Back in mid-April, the Toronto Police urged Canadian wireless carriers to create a registry to disable stolen cellphones, after U.S. carriers banded together with their government to form a central database. We’ve read numerous times of users resorting to Find my iPhone to locate their stolen iPhones and iPads. Ottawa Police recently noted the use of Find my iPhone is not enough to go knocking on an alleged thief’s door.
Now, amid further pressure Canada’s wireless carriers have teamed up with numerous cellphone companies to take a deeper look at security, reports the Globe and Mail:
Carriers such as Quebecor Inc., Telus Corp., BCE Inc., Rogers Communications Inc., Mobilicity, Public Mobile, SaskTel, Eastlink, and Manitoba Telecom Services Inc., have teamed up with device manufacturers such as Research In Motion Ltd., Motorola and Nokia to examine security solutions as part of a group under the Canadian Wireless Telecommunications Association (CWTA).
Apple is not part of the manufacturers involved, even though their devices have become popular targets by brazen thieves, snatching iPhones and iPads in broad daylight from unsuspecting targets. One Toronto city councillor notes cellphone robberies in the city have doubled over the past three years (1800 cases in 2011). In Vancouver, suggestions have been noted between 2010 and 2011, cellphone crimes were up 37 percent.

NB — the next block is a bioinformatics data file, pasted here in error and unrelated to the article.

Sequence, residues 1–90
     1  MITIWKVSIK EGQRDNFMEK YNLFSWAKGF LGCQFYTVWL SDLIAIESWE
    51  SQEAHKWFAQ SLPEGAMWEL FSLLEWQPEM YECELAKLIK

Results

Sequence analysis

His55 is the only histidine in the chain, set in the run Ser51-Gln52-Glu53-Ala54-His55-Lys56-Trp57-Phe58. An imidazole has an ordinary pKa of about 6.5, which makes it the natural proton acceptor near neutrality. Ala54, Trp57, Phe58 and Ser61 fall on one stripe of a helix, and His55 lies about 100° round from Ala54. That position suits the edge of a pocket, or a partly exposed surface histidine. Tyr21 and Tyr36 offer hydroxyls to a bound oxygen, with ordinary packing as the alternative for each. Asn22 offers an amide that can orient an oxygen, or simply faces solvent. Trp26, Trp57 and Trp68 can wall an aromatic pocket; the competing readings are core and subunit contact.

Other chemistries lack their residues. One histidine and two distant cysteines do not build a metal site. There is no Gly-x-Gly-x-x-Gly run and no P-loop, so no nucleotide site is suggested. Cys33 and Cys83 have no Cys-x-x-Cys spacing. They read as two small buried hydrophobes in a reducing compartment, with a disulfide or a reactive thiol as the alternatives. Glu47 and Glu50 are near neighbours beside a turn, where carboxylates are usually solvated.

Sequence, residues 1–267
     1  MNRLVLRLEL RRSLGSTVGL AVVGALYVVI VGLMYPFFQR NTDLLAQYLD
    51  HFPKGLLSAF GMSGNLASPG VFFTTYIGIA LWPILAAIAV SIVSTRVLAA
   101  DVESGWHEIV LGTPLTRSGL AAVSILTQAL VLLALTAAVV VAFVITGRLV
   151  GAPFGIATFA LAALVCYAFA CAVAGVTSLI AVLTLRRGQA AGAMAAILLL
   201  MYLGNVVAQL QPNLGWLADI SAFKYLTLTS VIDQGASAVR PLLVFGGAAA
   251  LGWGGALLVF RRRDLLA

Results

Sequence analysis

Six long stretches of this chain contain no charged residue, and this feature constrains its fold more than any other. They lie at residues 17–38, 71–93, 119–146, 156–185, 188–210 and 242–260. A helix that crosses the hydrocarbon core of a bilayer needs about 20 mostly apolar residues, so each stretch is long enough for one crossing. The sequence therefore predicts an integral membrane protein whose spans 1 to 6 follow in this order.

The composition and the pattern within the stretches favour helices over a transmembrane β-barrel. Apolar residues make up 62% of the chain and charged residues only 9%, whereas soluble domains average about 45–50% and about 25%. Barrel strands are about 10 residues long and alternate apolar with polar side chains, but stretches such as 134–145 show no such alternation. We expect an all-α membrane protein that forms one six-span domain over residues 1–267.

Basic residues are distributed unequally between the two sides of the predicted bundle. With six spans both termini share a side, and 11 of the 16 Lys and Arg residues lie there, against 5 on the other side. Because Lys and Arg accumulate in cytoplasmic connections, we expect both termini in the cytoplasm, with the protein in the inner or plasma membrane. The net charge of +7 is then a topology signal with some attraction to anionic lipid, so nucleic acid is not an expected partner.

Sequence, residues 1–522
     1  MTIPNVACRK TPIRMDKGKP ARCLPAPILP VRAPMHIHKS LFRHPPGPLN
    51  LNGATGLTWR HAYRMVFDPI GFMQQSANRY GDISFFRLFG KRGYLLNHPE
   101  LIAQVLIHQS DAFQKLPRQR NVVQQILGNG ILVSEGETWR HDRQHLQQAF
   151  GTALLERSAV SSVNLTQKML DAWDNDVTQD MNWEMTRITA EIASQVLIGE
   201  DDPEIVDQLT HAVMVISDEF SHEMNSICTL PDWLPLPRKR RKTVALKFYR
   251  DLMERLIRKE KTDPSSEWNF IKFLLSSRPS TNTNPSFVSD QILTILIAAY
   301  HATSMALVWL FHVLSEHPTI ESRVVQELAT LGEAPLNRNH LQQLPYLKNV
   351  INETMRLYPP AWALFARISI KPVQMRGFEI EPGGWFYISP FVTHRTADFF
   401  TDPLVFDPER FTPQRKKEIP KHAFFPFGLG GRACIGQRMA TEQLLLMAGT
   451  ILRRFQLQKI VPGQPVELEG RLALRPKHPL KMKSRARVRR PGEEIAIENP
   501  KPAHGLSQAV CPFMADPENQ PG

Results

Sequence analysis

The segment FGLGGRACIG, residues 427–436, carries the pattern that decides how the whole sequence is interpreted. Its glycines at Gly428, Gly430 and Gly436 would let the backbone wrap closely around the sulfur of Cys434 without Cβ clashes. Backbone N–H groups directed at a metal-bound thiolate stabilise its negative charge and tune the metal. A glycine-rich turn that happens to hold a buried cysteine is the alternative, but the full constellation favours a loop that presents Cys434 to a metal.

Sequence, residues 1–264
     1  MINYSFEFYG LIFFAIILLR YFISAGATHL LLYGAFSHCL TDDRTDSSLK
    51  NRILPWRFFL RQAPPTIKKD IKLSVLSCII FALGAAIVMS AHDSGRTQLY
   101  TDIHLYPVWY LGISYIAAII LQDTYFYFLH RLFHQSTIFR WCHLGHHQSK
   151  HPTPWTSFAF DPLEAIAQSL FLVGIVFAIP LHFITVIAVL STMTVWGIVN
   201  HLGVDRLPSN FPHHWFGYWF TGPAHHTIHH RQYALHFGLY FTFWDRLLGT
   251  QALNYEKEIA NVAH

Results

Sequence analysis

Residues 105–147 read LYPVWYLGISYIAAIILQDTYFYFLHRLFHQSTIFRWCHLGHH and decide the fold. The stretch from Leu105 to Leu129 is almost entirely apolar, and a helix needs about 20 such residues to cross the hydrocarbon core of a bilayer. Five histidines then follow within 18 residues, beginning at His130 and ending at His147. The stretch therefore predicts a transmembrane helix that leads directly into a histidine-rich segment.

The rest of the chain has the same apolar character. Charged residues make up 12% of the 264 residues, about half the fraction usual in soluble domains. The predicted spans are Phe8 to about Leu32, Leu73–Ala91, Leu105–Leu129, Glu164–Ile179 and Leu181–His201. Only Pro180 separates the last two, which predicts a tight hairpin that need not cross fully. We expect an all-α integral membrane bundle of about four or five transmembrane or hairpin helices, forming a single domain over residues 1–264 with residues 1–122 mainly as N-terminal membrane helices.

As of now, Canadian carriers are able to block mobile phones reported lost or stolen. But the problem lies in the fact wireless companies do not share information about these devices with each other, as this information is considered proprietary. So we really don’t have an accurate number of how many cellphone crimes are committed in Canada, aside from police reports.
What is taking so long for a national database of stolen cellphones in Canada? One reason argued is the cost:
A stumbling block to creating a national database in Canada is the potential cost, especially since major carriers are working furiously to keep their spending in check. The CWTA has previously warned that creating and maintaining a central database would likely cost millions – a suggestion that is widely dismissed by critics who note the industry pulls in annual wireless revenues of around $18-billion.
In a recent letter to the CRTC, the CWTA said, “If the industry can help mitigate the impact of crime on consumers, it will.” Actions speak louder than words, don’t they? In the meantime, the CWTA plans to examine the U.S. plan of an industry-funded central database, and also launch a public awareness campaign later this year or in 2013 urging Canadians to use passwords on their smartphones.
With more and more Canadians adopting smartphones, it would only make sense to create a registry to deter thieves. What do you think?
[via Globe and Mail]